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Toxoplasmosis

Last Updated: October 1, 2018

Toxoplasmosis is the most common opportunistic CNS infection associated with AIDS. When infecting the brain parenchyma, toxoplasmosis can cause a necrotizing encephalitis. It is caused by the parasite Toxoplasma gondii, whose oocytes are commonly found in the feces of birds and mammals, and domestic cats in particular.

Humans become infected when they ingest the oocytes, usually via uncooked and contaminated foods. The infection is often indolent, and most affected patients are asymptomatic. However, headache is the most common presenting symptom. Patients are at greatest risk of developing opportunistic infections when the CD4+ cell count falls below 200 cells/mm3.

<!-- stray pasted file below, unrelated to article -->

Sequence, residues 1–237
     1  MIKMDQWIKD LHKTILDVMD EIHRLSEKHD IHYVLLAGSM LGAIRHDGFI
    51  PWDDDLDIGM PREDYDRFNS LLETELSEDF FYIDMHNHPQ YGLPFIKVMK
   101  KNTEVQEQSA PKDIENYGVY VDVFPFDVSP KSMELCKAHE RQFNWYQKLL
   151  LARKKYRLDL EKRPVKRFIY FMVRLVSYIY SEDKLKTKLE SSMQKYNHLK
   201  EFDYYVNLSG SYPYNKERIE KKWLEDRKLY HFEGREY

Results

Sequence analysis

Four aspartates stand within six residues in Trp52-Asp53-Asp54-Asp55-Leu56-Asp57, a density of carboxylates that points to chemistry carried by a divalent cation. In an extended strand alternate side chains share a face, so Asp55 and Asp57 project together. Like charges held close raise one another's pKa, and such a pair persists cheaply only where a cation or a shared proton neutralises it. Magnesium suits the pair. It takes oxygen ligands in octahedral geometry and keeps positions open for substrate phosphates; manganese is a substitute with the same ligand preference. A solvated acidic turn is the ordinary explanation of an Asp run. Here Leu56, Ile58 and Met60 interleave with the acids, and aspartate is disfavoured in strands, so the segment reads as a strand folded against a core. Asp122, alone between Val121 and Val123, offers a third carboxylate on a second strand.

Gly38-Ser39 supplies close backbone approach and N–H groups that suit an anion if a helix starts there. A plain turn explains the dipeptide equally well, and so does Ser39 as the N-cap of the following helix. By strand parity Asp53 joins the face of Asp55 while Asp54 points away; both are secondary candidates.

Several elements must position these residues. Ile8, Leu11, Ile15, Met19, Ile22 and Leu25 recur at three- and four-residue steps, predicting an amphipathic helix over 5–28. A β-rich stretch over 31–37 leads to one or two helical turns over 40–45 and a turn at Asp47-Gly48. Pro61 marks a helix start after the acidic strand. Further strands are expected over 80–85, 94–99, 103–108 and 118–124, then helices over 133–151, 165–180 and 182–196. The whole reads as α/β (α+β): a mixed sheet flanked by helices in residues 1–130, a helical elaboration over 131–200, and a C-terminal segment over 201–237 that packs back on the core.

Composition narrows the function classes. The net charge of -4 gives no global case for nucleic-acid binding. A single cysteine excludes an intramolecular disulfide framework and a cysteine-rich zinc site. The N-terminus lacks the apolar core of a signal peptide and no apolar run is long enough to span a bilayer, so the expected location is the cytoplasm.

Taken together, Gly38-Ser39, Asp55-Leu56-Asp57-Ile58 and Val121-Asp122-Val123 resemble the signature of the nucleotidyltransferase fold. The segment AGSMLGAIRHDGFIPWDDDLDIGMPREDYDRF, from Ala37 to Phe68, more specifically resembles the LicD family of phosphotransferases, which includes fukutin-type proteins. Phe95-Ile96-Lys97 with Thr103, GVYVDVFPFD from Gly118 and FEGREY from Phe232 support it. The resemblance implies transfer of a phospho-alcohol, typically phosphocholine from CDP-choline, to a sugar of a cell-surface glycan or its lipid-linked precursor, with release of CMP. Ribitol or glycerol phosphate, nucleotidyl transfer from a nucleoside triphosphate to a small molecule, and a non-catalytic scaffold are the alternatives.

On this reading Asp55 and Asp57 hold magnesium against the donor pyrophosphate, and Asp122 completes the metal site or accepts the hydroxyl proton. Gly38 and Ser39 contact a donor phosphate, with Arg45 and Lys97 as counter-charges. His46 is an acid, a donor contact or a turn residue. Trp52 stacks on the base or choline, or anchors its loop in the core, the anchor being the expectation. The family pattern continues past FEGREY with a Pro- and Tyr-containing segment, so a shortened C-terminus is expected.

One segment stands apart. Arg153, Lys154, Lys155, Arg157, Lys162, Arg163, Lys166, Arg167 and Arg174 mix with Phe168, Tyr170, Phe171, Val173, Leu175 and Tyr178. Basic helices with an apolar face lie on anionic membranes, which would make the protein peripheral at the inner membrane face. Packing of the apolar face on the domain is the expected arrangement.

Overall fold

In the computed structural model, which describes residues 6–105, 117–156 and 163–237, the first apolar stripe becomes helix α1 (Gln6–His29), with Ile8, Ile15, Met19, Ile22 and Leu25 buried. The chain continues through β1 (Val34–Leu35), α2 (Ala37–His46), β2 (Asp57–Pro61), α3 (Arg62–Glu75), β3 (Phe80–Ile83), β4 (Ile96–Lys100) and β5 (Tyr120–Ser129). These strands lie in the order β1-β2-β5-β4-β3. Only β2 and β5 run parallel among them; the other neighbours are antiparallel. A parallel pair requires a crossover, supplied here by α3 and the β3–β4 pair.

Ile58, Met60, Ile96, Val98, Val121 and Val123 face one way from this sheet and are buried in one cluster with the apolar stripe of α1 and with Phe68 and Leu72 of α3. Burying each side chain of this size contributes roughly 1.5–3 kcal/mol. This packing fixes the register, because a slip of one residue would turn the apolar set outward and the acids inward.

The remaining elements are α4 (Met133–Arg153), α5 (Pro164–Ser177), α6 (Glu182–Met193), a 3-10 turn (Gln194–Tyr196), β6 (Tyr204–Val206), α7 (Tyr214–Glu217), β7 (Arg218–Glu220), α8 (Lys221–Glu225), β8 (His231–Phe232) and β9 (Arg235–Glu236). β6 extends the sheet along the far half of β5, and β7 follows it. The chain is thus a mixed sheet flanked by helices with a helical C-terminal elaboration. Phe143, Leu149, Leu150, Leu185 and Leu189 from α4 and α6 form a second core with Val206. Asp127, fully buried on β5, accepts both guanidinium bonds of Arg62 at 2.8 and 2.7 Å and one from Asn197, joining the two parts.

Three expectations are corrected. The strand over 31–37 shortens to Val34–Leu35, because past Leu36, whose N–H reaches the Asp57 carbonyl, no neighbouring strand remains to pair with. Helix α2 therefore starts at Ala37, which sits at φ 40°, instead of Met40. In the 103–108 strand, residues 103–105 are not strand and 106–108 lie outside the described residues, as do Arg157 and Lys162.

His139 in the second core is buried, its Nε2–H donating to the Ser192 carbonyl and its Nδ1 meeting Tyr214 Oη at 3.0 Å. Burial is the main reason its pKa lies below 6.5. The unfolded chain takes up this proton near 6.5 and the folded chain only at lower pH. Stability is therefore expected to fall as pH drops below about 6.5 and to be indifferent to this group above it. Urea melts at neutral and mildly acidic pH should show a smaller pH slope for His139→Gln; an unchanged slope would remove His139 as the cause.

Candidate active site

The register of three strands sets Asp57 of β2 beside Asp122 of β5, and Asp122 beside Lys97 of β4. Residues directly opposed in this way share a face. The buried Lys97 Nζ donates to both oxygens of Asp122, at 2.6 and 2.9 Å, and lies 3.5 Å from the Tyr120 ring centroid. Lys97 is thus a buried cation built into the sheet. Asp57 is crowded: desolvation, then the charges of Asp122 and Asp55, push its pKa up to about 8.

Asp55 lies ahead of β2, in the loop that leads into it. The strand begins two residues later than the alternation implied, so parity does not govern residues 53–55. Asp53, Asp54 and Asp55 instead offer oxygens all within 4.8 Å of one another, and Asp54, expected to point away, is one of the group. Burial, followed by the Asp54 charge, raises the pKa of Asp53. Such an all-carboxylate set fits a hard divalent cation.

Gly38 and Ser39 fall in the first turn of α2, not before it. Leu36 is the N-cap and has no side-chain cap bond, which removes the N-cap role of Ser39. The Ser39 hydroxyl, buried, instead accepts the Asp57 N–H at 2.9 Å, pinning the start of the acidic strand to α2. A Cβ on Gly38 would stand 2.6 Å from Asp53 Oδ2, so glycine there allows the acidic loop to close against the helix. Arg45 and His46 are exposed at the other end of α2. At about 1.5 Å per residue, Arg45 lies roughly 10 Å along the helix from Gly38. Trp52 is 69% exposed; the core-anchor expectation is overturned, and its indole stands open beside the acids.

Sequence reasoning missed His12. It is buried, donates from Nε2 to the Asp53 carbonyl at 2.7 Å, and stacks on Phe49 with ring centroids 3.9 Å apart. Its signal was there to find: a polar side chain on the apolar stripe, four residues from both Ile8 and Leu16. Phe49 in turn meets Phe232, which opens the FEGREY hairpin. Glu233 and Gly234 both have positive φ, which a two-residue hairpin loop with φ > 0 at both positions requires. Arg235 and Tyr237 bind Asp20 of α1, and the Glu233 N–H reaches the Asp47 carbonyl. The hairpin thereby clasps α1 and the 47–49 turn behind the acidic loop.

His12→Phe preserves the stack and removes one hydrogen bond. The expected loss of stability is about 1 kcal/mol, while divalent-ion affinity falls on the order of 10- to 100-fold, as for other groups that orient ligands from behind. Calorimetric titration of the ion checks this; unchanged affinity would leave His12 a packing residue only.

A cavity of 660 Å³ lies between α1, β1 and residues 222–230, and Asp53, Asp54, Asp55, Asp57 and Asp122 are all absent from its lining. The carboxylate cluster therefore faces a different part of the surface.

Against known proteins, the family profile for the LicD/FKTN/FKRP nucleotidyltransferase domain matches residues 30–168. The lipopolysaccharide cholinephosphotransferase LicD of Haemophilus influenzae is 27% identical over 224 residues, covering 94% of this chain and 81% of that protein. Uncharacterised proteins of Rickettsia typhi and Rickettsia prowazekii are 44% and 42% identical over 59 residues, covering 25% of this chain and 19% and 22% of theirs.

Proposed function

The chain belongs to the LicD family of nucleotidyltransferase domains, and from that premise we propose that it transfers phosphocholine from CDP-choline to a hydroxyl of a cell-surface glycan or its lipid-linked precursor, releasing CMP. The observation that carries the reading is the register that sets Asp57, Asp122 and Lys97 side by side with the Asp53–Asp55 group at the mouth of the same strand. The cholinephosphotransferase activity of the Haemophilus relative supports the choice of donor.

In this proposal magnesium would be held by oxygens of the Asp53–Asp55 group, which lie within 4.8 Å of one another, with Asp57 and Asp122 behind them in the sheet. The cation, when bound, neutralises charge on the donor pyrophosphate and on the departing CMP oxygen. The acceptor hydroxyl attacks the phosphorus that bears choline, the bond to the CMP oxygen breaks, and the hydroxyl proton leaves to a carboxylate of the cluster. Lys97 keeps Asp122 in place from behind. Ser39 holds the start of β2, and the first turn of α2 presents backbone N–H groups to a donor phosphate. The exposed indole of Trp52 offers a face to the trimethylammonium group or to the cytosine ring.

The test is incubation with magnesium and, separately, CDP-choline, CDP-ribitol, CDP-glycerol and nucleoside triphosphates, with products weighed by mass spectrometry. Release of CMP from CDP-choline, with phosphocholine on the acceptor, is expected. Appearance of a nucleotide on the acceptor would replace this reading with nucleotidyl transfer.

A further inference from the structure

Imaging Features

Toxoplasmosis usually presents as multiple parenchymal lesions with surrounding edema and central necrosi...